The African lion feeds on buffalo and other wild animals.
The different species of lions include African, Asian, American, mountain, cave, and white lions. These classifications, however, are points of contention among many paleontologists and zoologists because of the findings and conclusions that resulted from studying the remains and genetic makeup of these mammals. This list includes extinct species of lions as well as several endangered lions. Some lion species are extinct in the wild but still exist in captivity.
A species known as cave lions is extinct, but cave drawings show them hunting together, as pride lionesses do.
Africa is the natural habitat of the African lion, a large carnivore that roams the continent’s open plains and forests and feeds mainly on deer, pigs, buffalo and small animals. Males can grow to a length of 4 feet (1.2 meters) or more and an approximate weight of 350 pounds (159 kg). The Cape lion, which once inhabited the Cape of the African continent and South Africa, has been extinct since the 19th century. Berber lions, a species of lion extinct in the wild, inhabited the Atlas Mountains in North Africa and roamed the lands of Tunisia, Morocco and Algeria.
Asiatic lions are critically endangered and almost completely restricted to the forests of Gujarat, India.
Asiatic or Asiatic lions are critically endangered and almost completely restricted to forests in Gujarat, India, where they live under state protection in the hope that their population will not disappear from the wild. It is for this reason that they came to be called the Indian lion species, although they were once known as Persian lions when they roamed from the Mediterranean to India. These animals are usually smaller than their African counterparts, have shorter manes, and have other characteristics that distinguish them from the lions of Africa.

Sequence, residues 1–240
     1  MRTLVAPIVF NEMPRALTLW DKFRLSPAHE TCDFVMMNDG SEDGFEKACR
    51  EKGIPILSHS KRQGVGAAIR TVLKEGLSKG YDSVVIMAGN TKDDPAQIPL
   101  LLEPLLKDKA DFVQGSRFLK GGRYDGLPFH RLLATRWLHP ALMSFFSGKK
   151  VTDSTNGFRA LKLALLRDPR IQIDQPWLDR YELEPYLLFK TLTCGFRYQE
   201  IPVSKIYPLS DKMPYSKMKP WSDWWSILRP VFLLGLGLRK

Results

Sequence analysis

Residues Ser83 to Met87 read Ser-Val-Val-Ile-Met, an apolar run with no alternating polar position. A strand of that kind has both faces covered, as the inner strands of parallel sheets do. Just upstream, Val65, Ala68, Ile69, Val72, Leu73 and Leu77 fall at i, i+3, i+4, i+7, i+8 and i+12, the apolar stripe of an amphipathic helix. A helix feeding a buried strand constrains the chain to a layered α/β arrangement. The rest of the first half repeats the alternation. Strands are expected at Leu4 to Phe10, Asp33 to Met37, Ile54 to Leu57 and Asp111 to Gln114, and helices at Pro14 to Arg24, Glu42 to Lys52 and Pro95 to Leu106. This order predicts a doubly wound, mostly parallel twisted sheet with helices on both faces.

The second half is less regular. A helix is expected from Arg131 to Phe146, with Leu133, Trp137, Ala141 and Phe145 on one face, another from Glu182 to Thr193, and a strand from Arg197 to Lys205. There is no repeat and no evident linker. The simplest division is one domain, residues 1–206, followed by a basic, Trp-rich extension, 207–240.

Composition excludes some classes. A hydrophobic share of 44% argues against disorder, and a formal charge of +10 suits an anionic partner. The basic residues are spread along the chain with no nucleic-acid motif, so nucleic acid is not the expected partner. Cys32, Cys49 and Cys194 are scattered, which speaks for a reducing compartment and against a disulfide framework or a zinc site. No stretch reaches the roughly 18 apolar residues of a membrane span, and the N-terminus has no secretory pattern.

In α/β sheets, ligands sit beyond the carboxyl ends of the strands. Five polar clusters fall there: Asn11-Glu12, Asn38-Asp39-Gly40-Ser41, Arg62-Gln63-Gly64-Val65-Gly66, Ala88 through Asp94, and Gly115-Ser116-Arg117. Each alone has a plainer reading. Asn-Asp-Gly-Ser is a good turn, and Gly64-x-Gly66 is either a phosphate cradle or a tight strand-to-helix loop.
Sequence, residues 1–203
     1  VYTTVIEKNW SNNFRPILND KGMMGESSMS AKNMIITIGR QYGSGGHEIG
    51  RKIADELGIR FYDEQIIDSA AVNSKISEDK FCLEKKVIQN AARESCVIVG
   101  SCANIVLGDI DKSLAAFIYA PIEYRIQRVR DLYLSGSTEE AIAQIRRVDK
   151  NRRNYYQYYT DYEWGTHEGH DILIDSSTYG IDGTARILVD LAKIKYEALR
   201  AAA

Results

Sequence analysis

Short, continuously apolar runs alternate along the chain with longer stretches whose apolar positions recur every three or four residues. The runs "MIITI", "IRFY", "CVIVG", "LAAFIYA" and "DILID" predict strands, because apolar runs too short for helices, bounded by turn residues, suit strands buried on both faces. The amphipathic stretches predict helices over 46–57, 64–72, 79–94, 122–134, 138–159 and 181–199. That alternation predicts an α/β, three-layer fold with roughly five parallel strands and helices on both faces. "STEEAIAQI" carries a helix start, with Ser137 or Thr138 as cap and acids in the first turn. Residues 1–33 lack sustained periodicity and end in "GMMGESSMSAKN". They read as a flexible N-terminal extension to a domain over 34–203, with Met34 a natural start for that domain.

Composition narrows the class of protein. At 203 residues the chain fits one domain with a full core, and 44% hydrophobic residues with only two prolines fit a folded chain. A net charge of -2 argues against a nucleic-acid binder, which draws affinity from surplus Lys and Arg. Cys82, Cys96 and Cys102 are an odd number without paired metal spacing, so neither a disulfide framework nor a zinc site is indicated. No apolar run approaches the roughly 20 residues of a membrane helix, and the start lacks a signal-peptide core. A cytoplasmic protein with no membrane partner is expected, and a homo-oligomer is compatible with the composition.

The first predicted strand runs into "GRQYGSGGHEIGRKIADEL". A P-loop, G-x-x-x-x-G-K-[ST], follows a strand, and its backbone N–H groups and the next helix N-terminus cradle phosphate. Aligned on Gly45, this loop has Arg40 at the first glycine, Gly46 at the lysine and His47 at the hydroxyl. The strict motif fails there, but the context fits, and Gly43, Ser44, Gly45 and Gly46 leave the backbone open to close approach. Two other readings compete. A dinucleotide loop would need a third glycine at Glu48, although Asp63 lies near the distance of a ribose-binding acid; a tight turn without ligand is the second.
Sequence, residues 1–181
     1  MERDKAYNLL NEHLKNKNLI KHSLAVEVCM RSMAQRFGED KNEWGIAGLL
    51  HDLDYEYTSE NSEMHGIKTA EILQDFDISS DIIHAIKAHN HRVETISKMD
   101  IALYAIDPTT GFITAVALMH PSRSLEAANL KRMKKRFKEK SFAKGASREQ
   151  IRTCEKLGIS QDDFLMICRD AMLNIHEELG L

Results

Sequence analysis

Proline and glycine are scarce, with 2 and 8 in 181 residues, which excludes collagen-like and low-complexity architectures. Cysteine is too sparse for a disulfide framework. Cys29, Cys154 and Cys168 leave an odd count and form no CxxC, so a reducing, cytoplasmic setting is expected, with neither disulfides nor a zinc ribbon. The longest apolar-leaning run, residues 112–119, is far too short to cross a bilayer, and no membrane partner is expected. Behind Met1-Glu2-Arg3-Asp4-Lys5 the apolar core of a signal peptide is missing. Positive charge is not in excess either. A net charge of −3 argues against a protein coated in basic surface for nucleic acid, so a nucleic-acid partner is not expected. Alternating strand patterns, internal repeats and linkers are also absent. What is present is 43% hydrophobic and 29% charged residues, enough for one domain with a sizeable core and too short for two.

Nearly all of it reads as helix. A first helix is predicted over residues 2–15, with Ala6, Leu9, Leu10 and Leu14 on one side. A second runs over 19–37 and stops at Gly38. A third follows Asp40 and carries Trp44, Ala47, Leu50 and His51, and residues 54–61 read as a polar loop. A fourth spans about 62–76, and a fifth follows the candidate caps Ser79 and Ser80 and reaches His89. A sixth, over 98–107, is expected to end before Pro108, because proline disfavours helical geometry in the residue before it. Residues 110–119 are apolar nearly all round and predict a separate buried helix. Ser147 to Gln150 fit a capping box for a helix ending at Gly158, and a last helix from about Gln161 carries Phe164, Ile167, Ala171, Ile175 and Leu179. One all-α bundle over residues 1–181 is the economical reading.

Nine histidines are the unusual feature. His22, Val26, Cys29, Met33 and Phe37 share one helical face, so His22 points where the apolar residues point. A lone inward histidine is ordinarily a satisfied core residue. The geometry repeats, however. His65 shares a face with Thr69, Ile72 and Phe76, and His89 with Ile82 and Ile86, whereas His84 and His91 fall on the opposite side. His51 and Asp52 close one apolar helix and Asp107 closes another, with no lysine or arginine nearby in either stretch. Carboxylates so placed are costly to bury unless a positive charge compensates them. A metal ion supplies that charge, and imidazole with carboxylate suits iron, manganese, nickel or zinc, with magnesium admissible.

Although wild white lions once inhabited the Timbavati region of Africa. This species of lion is sometimes considered separate from the African species because Timbavati was the only region of the continent they inhabited. White lions, which range in color from fawn to white, were declared extinct in the wild in 1994.
Mountain lions, also known as cougars, panthers, catamounts, cougars or simply lions, once roamed a wide range of western parts of Canada, a large area of the United States from coast to coast, and Argentina. They lived in the gorges, foothills and woods of these regions, feeding mainly on animals of the deer family. This species of lion is endangered and on the verge of extinction in the eastern United States, and its population has been significantly reduced in the western territories.
According to some scientists, the American lion may not be a true member of the Panthera leo genus or the lion family. In the past, it inhabited the lands of present-day Canada and the United States, where fossils have been found. Some paleontologists claim that while the American lion shares characteristics with modern lions and tigers, it is more closely related to the jaguar.
Cave lions, which probably did not live in caves, are also extinct, but cave drawings provide a representation of their appearance and an idea of their behavior, such as hunting in packs. Although cooperative hunting is characteristic of lionesses, also called lionesses, some scientists disagree with categorizing the cave lion as a lion. Those who reject such a classification believe the animal was more closely related to the tiger.